The Appellation or AVA (American Viticultural Area) is a precise region. The region is set within boundaries created using variables that are unique to the specific area. Per the Alcohol and Tobacco Tax and Trade Bureau (TTB), “An AVA is a delimited grape-growing region with specific geographic or climatic features that distinguish it from the surrounding regions and affect how grapes are grown.”
So Many AVAs So Little Time
You could almost say that an AVA is the big brother of terroir. In many cases distinct grape varietals are known for being grown in certain AVAs. In other words, certain grape varietals naturally correspond with a particular AVA. For instance, a budding connoisseur might look for Cabernet grown in the Howell Mountain, Mt. Veeder, Oakville, Alexander Valley, Moon Mountain and Knights Valley AVAs among others. Chardonnay and Pinot Noir are known to excel in the cooler climates of the Sonoma Coast, Russian River and Carneros AVAs. Zinfandel from Dry Creek Valley is a no brainer but then there is always the exception to the rule, Zinfandel from the Russian River AVA is killer. Let there be no doubt that numerous varietals can do extremely well in a multitude of AVAs. Even so, it would be hard to find a Carneros Zin. Nuance lives large in wine country.
What’s Your Favorite AVA?
AVAs most certainly have their own personality traits. People have their preferred AVAs, almost like rooting for a favorite football team. They debate which film takes the crown for best movie or contemplating the difference between Picasso and Monet. Ultimately, the way we interpret wines from different AVAs is impacted by a combination of science, art and our individual personal taste. The passion that goes into these conversations can be quite amusing. Then there is the question, which AVA came first?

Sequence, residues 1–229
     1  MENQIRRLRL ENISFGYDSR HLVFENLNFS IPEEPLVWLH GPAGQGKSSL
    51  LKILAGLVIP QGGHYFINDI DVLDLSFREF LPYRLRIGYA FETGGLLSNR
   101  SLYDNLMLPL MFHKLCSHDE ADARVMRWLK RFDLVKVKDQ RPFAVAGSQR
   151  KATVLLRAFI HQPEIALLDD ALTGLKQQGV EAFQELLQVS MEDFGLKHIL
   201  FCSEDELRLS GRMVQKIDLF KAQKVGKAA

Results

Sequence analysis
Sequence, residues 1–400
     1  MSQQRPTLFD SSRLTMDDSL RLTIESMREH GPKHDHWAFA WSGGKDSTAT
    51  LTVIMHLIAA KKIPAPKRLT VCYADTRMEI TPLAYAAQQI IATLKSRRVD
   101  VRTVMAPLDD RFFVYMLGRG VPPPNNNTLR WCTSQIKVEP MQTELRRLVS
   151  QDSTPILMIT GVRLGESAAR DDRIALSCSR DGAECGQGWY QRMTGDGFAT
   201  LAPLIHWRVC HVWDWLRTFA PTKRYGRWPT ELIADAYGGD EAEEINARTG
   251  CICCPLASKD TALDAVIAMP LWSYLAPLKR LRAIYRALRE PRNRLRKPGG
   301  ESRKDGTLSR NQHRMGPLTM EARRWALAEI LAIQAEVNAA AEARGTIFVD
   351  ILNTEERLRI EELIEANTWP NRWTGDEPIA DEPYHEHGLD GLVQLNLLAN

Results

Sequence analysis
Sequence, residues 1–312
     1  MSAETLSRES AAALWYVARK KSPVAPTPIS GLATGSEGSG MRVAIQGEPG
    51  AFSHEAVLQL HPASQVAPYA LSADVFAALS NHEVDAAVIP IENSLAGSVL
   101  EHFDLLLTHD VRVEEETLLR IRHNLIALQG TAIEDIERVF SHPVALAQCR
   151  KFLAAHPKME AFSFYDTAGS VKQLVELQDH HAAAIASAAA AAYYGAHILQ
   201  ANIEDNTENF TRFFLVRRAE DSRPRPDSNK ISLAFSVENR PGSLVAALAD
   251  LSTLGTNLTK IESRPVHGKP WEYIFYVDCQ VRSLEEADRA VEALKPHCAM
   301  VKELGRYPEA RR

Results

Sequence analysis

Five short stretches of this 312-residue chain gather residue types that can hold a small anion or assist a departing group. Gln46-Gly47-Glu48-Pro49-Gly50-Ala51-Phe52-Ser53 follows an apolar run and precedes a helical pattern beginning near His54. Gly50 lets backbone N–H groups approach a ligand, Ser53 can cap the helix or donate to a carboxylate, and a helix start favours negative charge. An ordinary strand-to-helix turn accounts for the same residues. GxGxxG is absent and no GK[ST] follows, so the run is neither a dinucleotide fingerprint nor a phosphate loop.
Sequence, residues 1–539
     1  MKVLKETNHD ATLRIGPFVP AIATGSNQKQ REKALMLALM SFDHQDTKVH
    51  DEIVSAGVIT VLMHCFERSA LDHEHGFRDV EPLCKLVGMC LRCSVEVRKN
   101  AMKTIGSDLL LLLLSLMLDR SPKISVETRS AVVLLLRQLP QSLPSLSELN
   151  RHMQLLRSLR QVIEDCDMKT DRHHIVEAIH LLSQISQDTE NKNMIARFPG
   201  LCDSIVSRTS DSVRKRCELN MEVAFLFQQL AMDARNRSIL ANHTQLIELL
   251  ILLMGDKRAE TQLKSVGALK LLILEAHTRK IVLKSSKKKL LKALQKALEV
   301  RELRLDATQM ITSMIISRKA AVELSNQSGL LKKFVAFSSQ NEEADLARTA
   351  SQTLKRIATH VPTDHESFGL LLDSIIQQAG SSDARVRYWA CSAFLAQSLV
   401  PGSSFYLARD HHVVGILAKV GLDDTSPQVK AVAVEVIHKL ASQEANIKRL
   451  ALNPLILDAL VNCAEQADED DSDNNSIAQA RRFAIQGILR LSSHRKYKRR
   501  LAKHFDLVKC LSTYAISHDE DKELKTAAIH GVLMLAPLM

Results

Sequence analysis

Which AVA Came First?
|Napa County AVAs Introduced
|Sonoma County AVAs Introduced
|Dry Creek Valley
|Wild Horse Valley
|Stags Leap District
|Russian River Valley
|Pine Mountain - Clvd Pk
|Oak Knoll District
|Moon Mountain District
|West Sonoma Coast
Changes Over Time
As time goes on, we further define and differentiate one area from another. It is interesting to look back at when various AVAs were introduced. It all started back in 1981 with the introduction of both the Napa Valley and Sonoma Valley AVAs. Napa Valley beat Sonoma Valley to the punch by about 10 months. 1983 was a big year, especially for Sonoma County introducing Dry Creek Valley, Los Carneros, North Coast, Chalk Hill, Knights Valley, Russian River Valley and Green Valley AVAs. Over in Napa County, 1983 introduced Los Carneros, North Coast and Howell Mountain. Napa Valley really stepped up their game in the 90’s adding Mt. Veeder, Atlas Peak, Spring Mountain, Oakville, Rutherford, St. Helena, Chiles Valley and Yountville.
A Long Break
Interestingly there were no new AVA’s in Sonoma County during the 1990’s. Since then, there have been no fewer than 12 AVAs added to Napa and Sonoma Counties. The most recent addition is the West Sonoma Coast, made official May 5, 2022 for Sonoma County and the Coombsville AVA in back in 2011 for Napa. All together there are a total of 36 AVAs in Napa and Sonoma combined. Sonoma County has 20 AVAs while Napa County checks in at 18, (North Coast and Carneros overlap both counties). So much for keeping it simple.
The diversity among AVAs is one of the things that makes our region so interesting and special. I am reminded of these characteristics with every glass of wine and am grateful for it every day. As we raise a toast to our region keep an eye out for more green shoots.